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January 1990

Vaccine-Preventable Diseases and Medical PersonnelEnsure the Immunity of All!

Author Affiliations

Department of Pediatrics and Human Development B240 Life Science Bldg East Lansing, MI 48824-1317

Arch Intern Med. 1990;150(1):25-26. doi:10.1001/archinte.1990.00390130041001

Epidemics of nosocomially transmitted diseases in health care settings can be costly and tragic. It is even more unfortunate when such epidemics involve vaccine-preventable diseases. In many hospitals, the physician staff are not subject to the same immunization/proof of immunity requirements as are other hospital personnel. Medical students, depending on individual school or university policy, may also not be required to document proof of their immunity to diseases such as measles, mumps, rubella, and/or varicella. In this issue of Archives, two articles address the problem of vaccine-preventable diseases occurring in health care settings.1,2 Both articles state similar conclusions: programs to ensure immunity to vaccine-preventable diseases such as measles, mumps, and rubella should be in place at all hospitals and medical facilities, and such programs should involve all medical personnel, including physicians and medical students.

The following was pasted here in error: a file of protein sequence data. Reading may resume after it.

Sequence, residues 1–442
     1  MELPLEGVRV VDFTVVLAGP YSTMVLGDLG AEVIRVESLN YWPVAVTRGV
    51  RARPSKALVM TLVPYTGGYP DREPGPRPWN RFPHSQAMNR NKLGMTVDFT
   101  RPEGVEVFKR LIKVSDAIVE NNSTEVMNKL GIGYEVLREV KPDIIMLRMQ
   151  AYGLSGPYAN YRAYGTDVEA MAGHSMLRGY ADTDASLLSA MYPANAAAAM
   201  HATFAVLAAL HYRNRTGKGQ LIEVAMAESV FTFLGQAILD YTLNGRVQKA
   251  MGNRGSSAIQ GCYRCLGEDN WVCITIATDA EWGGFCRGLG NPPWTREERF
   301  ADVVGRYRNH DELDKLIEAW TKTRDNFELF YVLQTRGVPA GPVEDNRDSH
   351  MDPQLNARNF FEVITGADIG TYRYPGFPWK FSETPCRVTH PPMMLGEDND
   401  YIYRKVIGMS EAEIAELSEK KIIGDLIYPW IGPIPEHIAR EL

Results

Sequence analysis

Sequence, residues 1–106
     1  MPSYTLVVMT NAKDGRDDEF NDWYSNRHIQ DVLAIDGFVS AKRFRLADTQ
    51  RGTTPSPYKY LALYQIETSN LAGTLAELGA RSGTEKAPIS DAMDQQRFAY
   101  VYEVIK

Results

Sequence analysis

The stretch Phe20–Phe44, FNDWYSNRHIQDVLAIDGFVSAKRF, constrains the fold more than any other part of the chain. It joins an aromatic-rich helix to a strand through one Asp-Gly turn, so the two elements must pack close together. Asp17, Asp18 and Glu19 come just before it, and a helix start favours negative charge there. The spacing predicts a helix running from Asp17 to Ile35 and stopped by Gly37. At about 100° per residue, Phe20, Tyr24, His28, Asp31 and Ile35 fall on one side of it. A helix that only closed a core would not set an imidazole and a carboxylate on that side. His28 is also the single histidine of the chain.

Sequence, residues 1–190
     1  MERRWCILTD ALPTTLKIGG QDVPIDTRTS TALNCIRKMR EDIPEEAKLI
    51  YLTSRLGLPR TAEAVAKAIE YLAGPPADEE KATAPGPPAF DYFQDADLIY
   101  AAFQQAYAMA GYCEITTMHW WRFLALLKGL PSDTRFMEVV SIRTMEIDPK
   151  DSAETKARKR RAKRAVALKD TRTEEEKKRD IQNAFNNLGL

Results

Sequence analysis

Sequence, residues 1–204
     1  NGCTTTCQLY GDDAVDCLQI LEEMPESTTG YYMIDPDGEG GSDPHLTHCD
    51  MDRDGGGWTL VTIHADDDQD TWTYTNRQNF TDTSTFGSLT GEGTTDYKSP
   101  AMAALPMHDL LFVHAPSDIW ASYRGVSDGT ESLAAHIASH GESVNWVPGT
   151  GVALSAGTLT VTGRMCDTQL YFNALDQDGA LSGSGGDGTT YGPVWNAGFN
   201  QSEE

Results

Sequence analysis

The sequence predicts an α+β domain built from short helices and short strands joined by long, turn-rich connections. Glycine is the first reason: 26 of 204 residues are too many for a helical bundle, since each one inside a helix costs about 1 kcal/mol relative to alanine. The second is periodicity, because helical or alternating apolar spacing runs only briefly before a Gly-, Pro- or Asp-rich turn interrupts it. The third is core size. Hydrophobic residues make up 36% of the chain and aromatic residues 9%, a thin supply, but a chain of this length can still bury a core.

It has been estimated that 10% to 20% of young adults in the United States

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